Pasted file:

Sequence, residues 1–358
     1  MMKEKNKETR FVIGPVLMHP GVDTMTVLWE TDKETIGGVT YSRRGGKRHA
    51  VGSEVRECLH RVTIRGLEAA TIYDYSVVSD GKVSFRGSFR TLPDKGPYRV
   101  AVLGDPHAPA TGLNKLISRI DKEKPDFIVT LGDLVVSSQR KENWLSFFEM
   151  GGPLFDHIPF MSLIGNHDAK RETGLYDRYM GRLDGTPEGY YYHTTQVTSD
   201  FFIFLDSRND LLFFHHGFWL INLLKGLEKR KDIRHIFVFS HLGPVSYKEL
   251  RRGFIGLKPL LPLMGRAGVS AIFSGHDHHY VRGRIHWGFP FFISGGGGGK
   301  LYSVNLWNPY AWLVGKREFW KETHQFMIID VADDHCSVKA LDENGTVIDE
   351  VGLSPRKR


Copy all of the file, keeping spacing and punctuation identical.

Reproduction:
Sequence, residues 1–358
     1  MMKEKNKETR FVIGPVLMHP GVDTMTVLWE TDKETIGGVT YSRRGGKRHA
    51  VGSEVRECLH RVTIRGLEAA TIYDYSVVSD GKVSFRGSFR TLPDKGPYRV
   101  AVLGDPHAPA TGLNKLISRI DKEKPDFIVT LGDLVVSSQR KENWLSFFEM
   151  GGPLFDHIPF MSLIGNHDAK RETGLYDRYM GRLDGTPEGY YYHTTQVTSD
   201  FFIFLDSRND LLFFHHGFWL INLLKGLEKR KDIRHIFVFS HLGPVSYKEL
   251  RRGFIGLKPL LPLMGRAGVS AIFSGHDHHY VRGRIHWGFP FFISGGGGGK
   301  LYSVNLWNPY AWLVGKREFW KETHQFMIID VADDHCSVKA LDENGTVIDE
   351  VGLSPRKR